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Does an Open Source license exist that allows me to retain rights to revoke usage of software/source at any time, for any reason, and without warning?

I want to allow others to use my software and source code for free but at the same time, I want the ability to revoke rights to usage if I don't agree with the ways that the software and/or source is being used.

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What makes you think anyone would ever use your software and source in the first place with that sword hanging over their heads? –  whatsisname Aug 21 '13 at 16:54
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@whatsisname Hmm... a Damocles license? –  MichaelT Aug 21 '13 at 17:09
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Tell us what software it is so we can avoid it. ;) –  MetalMikester Aug 21 '13 at 17:14
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How would you implement this in practical terms? You can revoke my license but how would you learn of "unacceptable" use? How would you enforce the revocation? –  Freiheit Aug 21 '13 at 18:43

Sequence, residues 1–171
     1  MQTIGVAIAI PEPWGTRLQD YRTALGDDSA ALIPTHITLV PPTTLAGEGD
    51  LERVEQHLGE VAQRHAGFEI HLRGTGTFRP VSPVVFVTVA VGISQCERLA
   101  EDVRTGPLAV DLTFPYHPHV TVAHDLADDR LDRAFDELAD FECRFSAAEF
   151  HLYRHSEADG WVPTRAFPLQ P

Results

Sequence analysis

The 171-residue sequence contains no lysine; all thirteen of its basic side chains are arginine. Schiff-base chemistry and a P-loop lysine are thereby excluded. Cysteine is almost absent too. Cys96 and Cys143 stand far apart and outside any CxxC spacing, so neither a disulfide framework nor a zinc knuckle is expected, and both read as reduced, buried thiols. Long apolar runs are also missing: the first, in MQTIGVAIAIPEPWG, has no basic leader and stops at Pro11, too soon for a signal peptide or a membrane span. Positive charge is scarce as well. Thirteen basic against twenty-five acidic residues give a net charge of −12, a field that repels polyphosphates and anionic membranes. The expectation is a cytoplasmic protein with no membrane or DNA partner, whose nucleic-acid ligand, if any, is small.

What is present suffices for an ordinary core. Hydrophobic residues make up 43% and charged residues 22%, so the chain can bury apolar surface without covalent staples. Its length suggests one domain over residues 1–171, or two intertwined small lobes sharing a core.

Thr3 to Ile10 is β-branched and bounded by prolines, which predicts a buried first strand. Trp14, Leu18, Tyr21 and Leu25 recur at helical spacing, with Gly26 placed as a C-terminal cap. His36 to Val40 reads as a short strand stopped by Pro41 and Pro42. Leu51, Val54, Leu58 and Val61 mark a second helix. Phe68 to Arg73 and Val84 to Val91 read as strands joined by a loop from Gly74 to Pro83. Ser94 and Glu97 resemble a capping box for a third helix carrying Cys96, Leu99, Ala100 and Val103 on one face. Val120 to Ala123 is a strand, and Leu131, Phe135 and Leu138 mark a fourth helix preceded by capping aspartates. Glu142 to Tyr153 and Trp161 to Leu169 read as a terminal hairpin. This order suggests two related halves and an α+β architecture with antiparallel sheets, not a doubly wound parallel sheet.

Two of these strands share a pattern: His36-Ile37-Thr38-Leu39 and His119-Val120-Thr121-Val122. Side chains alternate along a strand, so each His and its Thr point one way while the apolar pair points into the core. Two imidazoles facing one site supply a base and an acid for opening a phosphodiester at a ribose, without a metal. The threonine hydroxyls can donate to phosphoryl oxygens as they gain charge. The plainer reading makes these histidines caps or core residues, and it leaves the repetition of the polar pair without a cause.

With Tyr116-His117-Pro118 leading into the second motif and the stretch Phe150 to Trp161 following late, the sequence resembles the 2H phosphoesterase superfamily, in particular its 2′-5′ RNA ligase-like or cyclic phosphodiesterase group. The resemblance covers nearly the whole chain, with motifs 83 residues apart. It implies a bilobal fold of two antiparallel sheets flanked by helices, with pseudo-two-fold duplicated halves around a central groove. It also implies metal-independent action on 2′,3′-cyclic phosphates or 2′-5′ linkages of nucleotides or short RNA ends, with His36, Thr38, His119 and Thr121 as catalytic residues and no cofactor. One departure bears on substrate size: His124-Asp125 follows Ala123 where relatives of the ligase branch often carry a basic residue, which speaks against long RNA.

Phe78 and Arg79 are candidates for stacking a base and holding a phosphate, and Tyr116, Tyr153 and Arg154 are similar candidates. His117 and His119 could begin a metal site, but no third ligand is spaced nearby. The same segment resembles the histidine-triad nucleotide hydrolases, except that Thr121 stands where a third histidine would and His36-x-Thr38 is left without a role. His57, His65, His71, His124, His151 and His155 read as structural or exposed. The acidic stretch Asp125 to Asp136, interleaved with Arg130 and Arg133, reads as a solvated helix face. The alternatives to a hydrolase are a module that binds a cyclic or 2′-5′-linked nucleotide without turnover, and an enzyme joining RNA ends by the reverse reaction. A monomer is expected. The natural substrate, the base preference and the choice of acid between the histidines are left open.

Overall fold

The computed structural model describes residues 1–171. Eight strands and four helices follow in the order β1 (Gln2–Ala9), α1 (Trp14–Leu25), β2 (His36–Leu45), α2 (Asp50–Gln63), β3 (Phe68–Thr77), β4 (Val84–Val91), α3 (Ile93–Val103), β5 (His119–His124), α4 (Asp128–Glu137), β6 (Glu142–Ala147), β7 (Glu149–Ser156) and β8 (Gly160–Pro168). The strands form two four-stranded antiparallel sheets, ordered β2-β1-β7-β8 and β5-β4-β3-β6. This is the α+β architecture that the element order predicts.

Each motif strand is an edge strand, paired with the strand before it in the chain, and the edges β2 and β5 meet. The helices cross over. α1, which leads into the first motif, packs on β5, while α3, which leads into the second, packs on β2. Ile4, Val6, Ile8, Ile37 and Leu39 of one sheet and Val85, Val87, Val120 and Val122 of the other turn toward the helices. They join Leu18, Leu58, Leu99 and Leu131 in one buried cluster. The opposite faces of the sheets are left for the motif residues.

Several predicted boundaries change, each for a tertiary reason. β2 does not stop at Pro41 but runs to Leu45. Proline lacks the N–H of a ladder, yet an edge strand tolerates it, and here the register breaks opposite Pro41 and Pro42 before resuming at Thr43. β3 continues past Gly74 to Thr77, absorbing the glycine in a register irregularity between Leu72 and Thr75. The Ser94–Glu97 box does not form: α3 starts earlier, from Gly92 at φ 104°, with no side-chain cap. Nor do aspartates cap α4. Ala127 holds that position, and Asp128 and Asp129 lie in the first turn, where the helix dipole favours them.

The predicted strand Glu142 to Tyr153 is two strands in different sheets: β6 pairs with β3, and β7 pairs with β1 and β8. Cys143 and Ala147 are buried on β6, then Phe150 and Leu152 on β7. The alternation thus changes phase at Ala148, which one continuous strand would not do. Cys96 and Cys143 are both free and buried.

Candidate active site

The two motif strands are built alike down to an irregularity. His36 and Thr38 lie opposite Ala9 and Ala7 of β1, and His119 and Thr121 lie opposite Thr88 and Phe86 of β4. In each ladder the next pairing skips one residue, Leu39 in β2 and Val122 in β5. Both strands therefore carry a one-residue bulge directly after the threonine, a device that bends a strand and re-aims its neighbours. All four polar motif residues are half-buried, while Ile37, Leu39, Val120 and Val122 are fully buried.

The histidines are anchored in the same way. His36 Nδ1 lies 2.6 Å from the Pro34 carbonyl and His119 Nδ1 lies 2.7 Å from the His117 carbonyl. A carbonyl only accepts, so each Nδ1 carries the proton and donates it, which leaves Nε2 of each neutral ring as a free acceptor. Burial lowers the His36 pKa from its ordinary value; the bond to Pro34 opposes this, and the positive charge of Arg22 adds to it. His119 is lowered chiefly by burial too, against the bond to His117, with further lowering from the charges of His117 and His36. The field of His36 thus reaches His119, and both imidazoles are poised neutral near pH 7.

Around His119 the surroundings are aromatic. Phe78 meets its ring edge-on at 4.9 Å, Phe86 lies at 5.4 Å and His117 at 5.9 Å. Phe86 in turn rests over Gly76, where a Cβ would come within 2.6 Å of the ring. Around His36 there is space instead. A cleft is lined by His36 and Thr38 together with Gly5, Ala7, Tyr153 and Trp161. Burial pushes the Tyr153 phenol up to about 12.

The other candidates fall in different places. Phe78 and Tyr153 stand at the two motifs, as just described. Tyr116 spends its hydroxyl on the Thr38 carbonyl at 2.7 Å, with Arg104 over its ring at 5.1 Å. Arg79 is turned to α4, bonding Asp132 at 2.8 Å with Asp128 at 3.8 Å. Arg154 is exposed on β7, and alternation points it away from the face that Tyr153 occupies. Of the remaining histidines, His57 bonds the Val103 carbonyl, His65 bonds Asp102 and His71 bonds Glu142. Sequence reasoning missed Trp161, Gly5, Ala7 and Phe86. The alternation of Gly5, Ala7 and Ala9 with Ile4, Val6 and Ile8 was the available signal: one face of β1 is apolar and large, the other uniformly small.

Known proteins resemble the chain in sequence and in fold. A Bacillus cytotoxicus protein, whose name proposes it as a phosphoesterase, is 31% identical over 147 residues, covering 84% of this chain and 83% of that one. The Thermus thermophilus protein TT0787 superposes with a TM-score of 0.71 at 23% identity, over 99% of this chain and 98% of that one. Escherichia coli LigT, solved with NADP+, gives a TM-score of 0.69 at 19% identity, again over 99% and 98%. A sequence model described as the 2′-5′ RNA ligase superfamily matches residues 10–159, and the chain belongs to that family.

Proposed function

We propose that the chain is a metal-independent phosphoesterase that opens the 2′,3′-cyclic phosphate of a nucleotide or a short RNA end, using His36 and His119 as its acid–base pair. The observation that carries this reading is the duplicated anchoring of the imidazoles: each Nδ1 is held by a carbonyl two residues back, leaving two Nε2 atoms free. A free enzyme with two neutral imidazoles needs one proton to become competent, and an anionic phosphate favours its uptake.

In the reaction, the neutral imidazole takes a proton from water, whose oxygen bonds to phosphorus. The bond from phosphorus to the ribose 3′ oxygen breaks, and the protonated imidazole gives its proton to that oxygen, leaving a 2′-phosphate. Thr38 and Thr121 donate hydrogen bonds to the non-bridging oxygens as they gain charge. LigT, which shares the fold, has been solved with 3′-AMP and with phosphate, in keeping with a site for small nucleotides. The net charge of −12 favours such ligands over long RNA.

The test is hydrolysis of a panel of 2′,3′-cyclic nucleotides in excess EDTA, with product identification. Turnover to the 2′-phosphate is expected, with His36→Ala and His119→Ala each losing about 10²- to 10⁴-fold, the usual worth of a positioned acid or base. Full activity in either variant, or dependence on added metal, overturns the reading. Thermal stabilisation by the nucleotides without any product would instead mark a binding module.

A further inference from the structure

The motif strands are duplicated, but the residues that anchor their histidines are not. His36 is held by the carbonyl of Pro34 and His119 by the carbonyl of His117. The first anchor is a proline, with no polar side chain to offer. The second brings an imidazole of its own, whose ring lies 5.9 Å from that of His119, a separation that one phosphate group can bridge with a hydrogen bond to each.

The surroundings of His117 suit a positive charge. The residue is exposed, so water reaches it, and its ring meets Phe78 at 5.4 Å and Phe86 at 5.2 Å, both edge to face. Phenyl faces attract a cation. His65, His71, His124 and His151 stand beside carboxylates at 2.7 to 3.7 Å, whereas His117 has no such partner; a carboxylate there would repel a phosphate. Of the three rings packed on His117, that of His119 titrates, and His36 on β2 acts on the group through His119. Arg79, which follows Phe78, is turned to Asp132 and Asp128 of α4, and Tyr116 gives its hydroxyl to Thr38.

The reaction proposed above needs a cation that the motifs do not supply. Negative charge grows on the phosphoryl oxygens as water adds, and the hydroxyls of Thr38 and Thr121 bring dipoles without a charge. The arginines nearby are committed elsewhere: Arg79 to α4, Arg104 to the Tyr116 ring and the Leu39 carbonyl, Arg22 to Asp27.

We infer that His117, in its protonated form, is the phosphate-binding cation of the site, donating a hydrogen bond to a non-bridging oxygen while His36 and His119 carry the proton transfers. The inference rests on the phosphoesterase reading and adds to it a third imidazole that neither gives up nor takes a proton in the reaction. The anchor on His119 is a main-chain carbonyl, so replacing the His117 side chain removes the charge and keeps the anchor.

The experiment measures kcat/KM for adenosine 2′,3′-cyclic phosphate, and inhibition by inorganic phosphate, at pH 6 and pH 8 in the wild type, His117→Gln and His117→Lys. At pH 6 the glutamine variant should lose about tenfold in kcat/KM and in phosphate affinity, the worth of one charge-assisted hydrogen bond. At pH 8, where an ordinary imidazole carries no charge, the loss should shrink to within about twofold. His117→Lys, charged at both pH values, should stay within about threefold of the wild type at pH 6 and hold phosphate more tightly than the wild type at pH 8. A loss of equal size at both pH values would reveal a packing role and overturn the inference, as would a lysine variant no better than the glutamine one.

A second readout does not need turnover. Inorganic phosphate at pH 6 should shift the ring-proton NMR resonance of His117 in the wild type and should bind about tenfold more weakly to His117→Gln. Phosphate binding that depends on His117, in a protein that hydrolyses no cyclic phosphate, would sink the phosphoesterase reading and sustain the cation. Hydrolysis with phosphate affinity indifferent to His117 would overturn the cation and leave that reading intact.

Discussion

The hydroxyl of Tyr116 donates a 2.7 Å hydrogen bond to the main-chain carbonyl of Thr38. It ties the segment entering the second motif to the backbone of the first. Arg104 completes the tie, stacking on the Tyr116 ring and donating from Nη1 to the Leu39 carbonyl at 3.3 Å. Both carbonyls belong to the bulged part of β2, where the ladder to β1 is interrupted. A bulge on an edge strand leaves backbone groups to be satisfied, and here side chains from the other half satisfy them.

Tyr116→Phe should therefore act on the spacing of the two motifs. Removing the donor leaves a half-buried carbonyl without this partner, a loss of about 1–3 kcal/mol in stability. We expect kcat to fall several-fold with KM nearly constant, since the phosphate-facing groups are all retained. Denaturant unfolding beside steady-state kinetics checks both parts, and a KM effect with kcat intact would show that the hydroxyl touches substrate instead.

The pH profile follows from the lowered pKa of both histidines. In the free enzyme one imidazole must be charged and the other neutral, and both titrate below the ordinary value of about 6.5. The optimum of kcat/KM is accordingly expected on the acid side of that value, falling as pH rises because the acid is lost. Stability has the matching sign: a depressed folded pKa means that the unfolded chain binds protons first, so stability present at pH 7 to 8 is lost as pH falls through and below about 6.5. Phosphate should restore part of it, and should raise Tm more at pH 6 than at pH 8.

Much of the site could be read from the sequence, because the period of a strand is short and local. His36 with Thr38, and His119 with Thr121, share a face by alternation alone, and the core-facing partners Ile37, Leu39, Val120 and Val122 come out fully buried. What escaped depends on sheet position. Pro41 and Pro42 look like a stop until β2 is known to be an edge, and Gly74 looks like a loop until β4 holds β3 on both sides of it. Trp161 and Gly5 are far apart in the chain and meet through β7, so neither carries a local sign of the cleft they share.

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Also if the software is open source, I would at one point have had the source. Most definitions of open source allow for forks and clones in some way or another. Reality means I can copy your code and do as I please because there is limited enforcement of the requirement to keep the original license on derived works. –  Freiheit Aug 21 '13 at 18:44
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up vote 34 down vote accepted

That would not be an Open Source license by the definition of the Open Source Initiative:

5. No Discrimination Against Persons or Groups

The license must not discriminate against any person or group of persons.